You, too, can shape your audience’s opinion of you by describing your communication style to them in your resume.
Let the reader know who you are: open, attentive, empathetic to demonstrate soft skills. Note the power of metaphor: a Southern gentleman conveys many fine qualities in our minds. Consider: provide the clear and concise directions of a drill sergeant in an open, flexible tech culture to cultivate the best ideas (a collaborative Silicon Valley workplace comes to mind). I am mixing my metaphors here, but you get the idea. This also ties into your personal “brand,” so others know how to perceive you before they even meet you.
6. Demonstrate Leadership Decision-Making Abilities
So how can senior-level executive candidates make their resumes stand out? (Forbes) As an executive, you know you will be asked to make many decisions every day. Your potential employer wants to see how you analyze problems and make those decisions. The decision-making can involve many stakeholders and information sources across different disciplines. Show that you can effectively compare opinions and proposals, think quickly and decisively, and make change happen. Making a general statement such as ‘sound decision-maker may not be convincing enough. Examples of how you have made logical decisions in specific contexts and under pressure will demonstrate how you think. Whenever possible, also report the quantifiable results that resulted from your effective decision-making.
7. Show Problem-Solving Expertise and Prowess
In an increasingly challenging global world, executives need to have sharp analytical skills to identify issues and practical problem-solving skills to develop solutions. If you can show innovativeness, you will score even more points. If you can also show that you can solve these issues at a low cost to the organization, you’ll make yourself more valuable of an asset.
Innovativeness can create simple and elegant solutions, such as starting a Twitter account to post employee problems and solutions and boost productivity.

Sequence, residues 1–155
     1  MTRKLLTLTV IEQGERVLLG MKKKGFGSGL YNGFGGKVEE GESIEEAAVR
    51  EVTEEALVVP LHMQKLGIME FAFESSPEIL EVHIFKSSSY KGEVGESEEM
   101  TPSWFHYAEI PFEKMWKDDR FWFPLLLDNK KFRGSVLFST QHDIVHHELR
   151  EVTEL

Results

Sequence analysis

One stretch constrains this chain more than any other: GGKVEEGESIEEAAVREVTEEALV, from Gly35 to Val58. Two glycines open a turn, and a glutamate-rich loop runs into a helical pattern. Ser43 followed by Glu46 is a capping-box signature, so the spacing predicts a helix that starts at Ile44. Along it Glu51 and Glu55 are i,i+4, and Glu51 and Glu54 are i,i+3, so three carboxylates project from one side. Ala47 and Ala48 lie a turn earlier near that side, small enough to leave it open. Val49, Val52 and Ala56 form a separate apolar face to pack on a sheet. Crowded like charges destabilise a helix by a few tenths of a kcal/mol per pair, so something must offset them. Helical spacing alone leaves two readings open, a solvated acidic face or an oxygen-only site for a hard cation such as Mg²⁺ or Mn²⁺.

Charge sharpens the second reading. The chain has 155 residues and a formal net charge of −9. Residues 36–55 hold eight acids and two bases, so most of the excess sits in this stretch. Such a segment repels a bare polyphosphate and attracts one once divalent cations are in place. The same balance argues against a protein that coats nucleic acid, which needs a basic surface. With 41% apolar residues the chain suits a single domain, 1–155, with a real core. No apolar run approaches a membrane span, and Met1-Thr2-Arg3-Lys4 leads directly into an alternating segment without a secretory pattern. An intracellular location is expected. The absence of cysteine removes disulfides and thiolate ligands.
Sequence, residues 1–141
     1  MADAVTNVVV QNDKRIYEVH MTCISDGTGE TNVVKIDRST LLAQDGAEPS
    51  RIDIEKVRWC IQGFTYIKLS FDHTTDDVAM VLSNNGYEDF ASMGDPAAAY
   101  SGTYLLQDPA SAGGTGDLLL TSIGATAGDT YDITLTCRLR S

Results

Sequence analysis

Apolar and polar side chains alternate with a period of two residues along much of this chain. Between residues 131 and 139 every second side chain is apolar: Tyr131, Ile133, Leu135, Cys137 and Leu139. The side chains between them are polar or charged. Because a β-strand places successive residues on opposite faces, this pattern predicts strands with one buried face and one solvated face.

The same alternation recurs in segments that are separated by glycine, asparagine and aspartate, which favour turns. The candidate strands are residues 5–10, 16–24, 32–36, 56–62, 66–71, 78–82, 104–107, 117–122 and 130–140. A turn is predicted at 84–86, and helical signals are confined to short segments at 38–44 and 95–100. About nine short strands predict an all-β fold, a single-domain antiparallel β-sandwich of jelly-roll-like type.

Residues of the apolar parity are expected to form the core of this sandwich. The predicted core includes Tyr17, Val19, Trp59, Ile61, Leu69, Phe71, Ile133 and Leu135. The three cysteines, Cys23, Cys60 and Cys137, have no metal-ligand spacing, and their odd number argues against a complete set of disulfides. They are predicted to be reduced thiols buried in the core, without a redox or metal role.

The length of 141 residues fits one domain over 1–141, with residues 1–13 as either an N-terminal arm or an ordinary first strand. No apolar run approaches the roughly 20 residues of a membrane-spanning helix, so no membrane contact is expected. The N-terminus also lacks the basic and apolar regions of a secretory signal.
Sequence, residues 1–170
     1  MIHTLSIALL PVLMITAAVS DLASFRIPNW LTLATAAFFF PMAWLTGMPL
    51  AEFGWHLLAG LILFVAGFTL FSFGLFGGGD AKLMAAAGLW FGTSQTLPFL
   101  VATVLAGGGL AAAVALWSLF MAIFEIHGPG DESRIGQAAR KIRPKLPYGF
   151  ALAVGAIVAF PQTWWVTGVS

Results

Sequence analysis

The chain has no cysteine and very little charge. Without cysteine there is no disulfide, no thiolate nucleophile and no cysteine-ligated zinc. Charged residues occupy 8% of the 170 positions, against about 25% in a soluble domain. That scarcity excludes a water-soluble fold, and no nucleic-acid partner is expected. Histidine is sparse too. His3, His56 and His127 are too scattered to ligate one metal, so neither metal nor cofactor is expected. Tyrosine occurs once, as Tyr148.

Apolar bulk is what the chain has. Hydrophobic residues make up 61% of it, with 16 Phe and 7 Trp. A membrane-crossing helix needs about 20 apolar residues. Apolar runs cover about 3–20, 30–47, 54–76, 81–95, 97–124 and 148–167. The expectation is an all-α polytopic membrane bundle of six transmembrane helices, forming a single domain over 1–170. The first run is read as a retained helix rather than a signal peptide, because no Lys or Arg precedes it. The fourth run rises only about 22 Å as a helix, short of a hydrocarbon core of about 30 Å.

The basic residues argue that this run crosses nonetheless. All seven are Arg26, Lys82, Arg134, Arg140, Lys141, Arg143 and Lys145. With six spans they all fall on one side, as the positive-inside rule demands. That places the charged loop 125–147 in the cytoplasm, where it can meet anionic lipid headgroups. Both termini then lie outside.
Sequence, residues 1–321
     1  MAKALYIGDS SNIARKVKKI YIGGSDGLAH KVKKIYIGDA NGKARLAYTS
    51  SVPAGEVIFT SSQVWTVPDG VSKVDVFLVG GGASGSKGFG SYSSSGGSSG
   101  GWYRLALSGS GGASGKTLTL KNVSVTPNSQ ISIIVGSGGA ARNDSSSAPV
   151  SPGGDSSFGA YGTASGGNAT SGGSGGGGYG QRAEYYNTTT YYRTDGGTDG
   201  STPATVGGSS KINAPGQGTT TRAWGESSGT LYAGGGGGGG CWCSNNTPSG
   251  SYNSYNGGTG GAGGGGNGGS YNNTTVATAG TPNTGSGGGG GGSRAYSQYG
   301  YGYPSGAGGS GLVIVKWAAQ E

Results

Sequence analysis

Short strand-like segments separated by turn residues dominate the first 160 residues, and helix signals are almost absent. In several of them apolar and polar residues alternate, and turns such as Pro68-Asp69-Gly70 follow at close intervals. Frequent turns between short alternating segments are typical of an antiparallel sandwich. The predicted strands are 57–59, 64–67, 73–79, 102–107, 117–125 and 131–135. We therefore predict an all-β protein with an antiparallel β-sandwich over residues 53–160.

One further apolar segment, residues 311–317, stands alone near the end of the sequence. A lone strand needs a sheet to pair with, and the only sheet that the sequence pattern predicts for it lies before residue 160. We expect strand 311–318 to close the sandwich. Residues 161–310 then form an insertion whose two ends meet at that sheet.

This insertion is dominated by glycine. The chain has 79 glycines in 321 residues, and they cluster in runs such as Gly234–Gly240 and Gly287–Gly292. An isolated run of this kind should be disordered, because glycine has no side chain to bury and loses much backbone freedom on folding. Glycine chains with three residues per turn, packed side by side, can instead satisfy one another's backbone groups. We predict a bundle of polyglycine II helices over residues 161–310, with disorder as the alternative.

8. List Real Organization Problems You Have Solved
Companies may have to address many challenges on a given day; showing real examples are far more influential than blank statements. Did you raise financing during an economic downturn? Did you restructure the workforce and boost productivity?
You should also include examples of times when you’ve had to conduct a well-rounded analysis to solve a problem. This shows them that you can examine issues and solutions from every angle and determine the potential impact on all stakeholders.
9. Provide Evidence of Executive Accomplishments
Think like a business consultant when you write your resume. They have to demonstrate performance to rationalize their high fees. Most points are backed up by quantitative evidence:
- Doubled sales in one year through effectively coaching a team of 20 sales executives.
- Saved $300 million in annual costs by applying analytical and technical skills to solve XYZ’s technical problems.
- Boosted employee productivity by 250% by developing a new mentoring program.
- Turned around an underperforming territory, accelerating sales to 125% of the prior year’s revenues.
- Built division from $15 million in annual revenue in 2015 to $38 million in 2016.
Read each accomplishment without the numbers to back them up.
You get the point. Hard numbers have an influence.
10. Provide Context in an Executive, CEO Resume
Context strengthens your resume in several ways. It shows the degree to which you succeeded. Consider:
Increased sales by 200 percent.
An impressive feat.
Increasing sales by this much amid an economic downturn, during the industry down cycle, or when the most influential company in the world just entered your space is an extraordinary achievement. Good executive business leaders can motivate people to achieve exceptional performance. If you are in sales, it is essential to dig deep to find quantitative sales-related accomplishments.
Context also helps you make the match between your qualifications and the targeted job position. Compare the above statement with increased hi-tech parts sales 200 percent in Southeast Asia.
Perhaps the sales director is hiring for Latin America but faces the same commoditization and competitive challenges he experienced in Southeast Asia. This type of content could escalate your resume to the top of the pile. As a rule of thumb, provide context by answering: What? Where? and When?
Executive and CEO Resume Writing Tips – Conclusion
As you can see from these resume tips, you can separate what makes a good resume from what makes an excellent resume.
Present your resume with an executive design that communicates: corporate, professional, respect. A thin dark blue or burgundy border is an example of a conservative corporate design element you may want to add. Use searchable, conventional font, add a touch of traditional color if it suits your personality.
Learn more about Candace Alstad-Davies by reviewing this about me page.
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Have questions about how to get started with our services or anything else related to your executive career? Please connect by sending an email to Candace or call toll-free at 1 877 738-8052. I would enjoy chatting with you about any of your executive search needs.